Indexed Pattern Matching

Learning Objective
In this tutorial you will learn how to use the SeqAn classes finder and pattern to search a known pattern in a string or StringSet.
30 min
Sequences, Indices, Online Pattern Matching


The Finder is an object that stores all necessary information for searching for a pattern. We have learned how to use it in Online Pattern Matching tutorial.

The following line of code shows how the Finder is initialized with an index. In this example, we search for the pattern ACGT.

    String<Dna5> genome = "ACGTACGTACGTN";
    Index<String<Dna5>, IndexEsa<> > esaIndex(genome);
    Finder<Index<String<Dna5>, IndexEsa<> > > esaFinder(esaIndex);

Calling the function find invokes the localization of all occurrences of a given pattern. It works by modifying pointers of the Finder to tables of the index. For example, the Finder of esaIndex stores two pointers, pointing to the first and last suffix array entry that stores an occurrence of the pattern. The return value of the find function tells us whether or not a given pattern occurs in the text. Furthermore, if there are several instances of a pattern, consecutive calls of find will modify the Finder such that it points to the next occurrence after each call:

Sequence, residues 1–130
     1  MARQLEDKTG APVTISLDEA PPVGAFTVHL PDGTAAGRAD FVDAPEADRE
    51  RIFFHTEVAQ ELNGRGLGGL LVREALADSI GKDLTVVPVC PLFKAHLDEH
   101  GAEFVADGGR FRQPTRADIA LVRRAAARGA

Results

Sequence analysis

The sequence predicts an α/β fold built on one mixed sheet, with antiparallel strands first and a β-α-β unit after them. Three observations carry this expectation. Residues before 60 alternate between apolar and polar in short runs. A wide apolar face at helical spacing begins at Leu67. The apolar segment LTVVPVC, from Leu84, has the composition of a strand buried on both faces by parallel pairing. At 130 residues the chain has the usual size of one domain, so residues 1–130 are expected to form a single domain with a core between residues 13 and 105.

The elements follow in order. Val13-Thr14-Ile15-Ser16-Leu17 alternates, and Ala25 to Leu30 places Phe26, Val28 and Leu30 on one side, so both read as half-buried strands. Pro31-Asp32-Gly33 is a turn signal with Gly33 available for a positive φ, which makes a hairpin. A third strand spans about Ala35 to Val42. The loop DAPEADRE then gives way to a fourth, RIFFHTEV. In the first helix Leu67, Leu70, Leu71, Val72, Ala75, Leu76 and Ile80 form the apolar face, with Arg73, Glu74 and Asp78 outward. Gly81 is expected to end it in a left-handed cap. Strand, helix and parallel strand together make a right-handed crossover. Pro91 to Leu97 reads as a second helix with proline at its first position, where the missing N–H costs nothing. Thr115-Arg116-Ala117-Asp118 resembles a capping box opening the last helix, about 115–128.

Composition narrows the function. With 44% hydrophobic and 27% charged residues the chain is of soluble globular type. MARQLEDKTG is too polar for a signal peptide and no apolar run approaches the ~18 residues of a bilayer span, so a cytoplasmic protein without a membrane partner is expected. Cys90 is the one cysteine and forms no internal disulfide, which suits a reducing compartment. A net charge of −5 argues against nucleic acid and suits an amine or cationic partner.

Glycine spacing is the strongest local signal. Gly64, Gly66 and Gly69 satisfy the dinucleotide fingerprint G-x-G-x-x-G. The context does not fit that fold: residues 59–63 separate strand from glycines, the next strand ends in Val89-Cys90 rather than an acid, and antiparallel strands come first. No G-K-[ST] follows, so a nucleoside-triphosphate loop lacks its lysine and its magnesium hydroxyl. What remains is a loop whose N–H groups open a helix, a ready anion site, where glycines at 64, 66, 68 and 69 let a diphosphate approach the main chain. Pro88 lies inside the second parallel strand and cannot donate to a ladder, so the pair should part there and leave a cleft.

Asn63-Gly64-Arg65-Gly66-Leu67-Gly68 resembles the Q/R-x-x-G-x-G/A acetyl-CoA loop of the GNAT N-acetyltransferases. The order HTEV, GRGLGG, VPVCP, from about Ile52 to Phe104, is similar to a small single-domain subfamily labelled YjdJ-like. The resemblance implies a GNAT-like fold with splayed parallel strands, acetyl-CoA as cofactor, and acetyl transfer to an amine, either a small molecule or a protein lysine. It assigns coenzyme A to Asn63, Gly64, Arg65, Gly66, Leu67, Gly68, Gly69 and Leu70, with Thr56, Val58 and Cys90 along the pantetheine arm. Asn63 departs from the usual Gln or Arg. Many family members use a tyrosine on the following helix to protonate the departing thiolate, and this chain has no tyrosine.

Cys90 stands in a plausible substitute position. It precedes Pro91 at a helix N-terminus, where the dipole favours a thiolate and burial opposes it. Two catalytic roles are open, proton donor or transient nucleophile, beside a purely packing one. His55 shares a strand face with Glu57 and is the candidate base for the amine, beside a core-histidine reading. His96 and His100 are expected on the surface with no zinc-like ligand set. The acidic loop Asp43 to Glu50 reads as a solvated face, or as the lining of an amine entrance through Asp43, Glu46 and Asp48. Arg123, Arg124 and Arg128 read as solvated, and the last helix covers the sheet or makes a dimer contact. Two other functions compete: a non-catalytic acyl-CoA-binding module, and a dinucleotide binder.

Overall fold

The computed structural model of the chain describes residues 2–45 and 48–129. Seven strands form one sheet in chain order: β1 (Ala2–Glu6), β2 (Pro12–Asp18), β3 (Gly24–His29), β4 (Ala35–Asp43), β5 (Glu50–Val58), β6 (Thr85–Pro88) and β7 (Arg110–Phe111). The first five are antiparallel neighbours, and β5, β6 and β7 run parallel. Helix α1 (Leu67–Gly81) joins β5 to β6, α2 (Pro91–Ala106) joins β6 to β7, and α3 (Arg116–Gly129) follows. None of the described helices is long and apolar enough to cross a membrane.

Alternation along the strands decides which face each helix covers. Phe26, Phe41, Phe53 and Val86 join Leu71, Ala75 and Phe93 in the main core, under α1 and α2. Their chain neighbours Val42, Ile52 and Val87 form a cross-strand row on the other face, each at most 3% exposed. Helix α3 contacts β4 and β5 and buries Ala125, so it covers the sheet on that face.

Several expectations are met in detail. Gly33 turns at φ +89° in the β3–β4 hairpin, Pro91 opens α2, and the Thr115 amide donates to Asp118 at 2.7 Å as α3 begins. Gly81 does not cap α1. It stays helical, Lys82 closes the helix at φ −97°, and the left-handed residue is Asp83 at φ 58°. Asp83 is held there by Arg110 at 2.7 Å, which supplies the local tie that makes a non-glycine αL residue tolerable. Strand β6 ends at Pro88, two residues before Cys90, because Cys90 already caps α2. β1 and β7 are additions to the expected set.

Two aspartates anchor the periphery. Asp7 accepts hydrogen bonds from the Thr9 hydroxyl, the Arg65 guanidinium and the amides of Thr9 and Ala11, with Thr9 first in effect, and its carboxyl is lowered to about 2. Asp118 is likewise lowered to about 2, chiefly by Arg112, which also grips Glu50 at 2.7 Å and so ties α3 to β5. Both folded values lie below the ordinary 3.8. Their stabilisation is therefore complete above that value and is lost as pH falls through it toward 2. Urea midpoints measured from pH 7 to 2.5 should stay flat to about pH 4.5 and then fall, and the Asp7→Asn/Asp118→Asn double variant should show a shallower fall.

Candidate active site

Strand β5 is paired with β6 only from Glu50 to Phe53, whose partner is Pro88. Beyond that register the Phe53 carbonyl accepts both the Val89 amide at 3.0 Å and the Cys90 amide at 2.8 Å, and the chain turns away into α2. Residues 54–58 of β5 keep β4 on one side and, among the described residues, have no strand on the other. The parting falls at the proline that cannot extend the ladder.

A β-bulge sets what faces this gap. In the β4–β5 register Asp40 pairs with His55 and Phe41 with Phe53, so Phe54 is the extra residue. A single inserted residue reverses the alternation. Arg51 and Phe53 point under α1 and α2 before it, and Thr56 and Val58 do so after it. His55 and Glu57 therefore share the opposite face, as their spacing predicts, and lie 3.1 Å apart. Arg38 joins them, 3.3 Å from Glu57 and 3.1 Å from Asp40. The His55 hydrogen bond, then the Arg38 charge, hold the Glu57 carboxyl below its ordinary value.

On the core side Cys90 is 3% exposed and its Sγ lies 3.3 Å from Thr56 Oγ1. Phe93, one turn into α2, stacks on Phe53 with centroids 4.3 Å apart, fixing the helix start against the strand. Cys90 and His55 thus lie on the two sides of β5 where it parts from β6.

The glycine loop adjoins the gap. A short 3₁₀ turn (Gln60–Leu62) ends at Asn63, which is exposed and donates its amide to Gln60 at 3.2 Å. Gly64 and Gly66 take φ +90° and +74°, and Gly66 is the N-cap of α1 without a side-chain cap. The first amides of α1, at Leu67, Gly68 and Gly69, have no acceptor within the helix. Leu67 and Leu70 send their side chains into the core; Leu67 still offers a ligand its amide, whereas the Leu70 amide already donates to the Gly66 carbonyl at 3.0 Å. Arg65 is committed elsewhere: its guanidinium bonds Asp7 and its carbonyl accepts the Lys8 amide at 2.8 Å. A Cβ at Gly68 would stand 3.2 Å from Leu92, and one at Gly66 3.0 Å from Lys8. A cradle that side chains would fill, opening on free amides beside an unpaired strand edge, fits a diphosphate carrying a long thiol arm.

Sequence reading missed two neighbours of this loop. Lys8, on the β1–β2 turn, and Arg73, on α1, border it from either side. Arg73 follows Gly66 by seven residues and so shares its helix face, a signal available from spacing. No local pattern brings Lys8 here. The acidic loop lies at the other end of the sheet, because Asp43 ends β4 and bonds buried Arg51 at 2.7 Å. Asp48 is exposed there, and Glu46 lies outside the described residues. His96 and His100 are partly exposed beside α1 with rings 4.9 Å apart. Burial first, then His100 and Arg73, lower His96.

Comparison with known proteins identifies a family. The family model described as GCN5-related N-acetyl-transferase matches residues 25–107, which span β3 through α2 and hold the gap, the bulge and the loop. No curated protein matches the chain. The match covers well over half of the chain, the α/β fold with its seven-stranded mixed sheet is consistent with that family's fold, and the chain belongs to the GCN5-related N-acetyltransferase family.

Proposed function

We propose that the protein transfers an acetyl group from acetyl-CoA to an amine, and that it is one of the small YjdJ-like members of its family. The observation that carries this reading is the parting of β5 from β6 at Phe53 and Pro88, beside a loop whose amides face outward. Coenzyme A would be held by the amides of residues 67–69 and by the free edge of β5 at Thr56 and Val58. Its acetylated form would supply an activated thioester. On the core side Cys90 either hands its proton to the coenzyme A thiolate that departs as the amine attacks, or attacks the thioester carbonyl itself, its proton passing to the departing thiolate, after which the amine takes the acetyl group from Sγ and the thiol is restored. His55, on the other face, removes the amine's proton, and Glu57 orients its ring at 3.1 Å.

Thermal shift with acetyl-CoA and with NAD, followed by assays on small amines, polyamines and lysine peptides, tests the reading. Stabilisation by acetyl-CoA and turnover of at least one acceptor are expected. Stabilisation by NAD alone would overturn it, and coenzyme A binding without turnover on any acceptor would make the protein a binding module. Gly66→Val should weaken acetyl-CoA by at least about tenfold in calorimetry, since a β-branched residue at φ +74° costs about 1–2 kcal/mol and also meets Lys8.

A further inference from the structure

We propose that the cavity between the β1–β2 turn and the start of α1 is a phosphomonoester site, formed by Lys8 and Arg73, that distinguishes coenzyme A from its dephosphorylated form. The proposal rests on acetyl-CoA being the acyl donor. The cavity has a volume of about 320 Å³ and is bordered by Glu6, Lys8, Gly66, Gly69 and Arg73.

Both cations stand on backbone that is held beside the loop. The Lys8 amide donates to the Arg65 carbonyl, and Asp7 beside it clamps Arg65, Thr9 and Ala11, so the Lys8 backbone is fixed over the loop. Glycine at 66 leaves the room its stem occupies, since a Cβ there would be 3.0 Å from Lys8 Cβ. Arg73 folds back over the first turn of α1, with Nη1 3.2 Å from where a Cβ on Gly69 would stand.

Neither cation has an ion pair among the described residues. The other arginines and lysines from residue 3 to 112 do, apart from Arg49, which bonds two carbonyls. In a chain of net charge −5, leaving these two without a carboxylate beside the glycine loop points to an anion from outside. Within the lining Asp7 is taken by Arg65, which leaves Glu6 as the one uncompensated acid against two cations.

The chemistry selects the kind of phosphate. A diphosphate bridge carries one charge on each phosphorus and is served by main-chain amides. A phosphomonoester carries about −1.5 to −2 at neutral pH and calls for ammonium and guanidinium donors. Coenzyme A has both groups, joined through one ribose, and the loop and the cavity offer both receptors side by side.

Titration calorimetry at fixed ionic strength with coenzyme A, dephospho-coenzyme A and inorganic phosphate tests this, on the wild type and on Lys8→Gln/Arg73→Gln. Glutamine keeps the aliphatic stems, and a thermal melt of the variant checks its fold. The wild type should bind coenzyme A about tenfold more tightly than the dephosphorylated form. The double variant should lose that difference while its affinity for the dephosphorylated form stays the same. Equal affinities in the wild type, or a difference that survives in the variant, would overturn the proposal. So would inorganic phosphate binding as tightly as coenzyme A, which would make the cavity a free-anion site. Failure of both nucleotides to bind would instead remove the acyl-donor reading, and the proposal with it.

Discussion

find(esaFinder, "ACGT");  // first occurrence of "ACGT"
    find(esaFinder, "ACGT");  // second occurrence of "ACGT"
    find(esaFinder, "ACGT");  // third occurrence of "ACGT"

The above code is not very useful, since we do not know the locations of the first, second or third pattern occurrence. The function position will help here. position called on a finder returns the location of the xth pattern, where x can be the first, second, or any other occurrence of the pattern.

    find(esaFinder, "ACGT"); // first occurrence of "ACGT"
    position(esaFinder); // -> 0
    find(esaFinder, "ACGT"); // second occurrence of "ACGT"
    position(esaFinder); // -> 4
    find(esaFinder, "ACGT"); // third occurrence of "ACGT"
    position(esaFinder); // -> 8


Indices in SeqAn are built on demand. That means that the index tables are not build when the constructor is called, but when we search for a pattern for the first time.

Approximate Filtration

Currently there are no indices directly supporting an approximate search. But nevertheless, there are approximate search filters available that can be used to filter out regions of the haystack that do not contain an approximate match, see SwiftFinder and SwiftPattern. The regions found by these filters potentially contain a match and must be verified afterwards. beginPosition, endPosition and infix can be used to return the boundaries or sequence of such a potential match. For more details on using filters, see the article Filtering Similar Sequences.